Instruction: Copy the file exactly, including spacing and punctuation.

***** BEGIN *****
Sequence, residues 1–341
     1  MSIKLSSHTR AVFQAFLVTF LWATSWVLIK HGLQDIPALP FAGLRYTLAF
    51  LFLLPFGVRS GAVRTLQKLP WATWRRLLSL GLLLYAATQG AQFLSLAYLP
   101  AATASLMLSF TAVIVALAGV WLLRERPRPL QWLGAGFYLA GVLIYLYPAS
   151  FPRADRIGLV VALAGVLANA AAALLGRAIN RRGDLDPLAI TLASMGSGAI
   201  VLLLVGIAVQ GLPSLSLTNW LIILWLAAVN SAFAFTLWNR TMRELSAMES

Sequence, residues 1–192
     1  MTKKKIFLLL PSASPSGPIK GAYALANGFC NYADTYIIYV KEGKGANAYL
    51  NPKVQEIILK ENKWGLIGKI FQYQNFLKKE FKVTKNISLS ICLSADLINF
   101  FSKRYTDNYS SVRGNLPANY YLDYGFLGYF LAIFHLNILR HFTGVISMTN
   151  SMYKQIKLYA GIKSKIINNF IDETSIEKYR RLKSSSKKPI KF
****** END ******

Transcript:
Sequence, residues 1–341
     1  MSIKLSSHTR AVFQAFLVTF LWATSWVLIK HGLQDIPALP FAGLRYTLAF
    51  LFLLPFGVRS GAVRTLQKLP WATWRRLLSL GLLLYAATQG AQFLSLAYLP
   101  AATASLMLSF TAVIVALAGV WLLRERPRPL QWLGAGFYLA GVLIYLYPAS
   151  FPRADRIGLV VALAGVLANA AAALLGRAIN RRGDLDPLAI TLASMGSGAI
   201  VLLLVGIAVQ GLPSLSLTNW LIILWLAAVN SAFAFTLWNR TMRELSAMES

Sequence, residues 1–192
     1  MTKKKIFLLL PSASPSGPIK GAYALANGFC NYADTYIIYV KEGKGANAYL
    51  NPKVQEIILK ENKWGLIGKI FQYQNFLKKE FKVTKNISLS ICLSADLINF
   101  FSKRYTDNYS SVRGNLPANY YLDYGFLGYF LAIFHLNILR HFTGVISMTN
   151  SMYKQIKLYA GIKSKIINNF IDETSIEKYR RLKSSSKKPI KF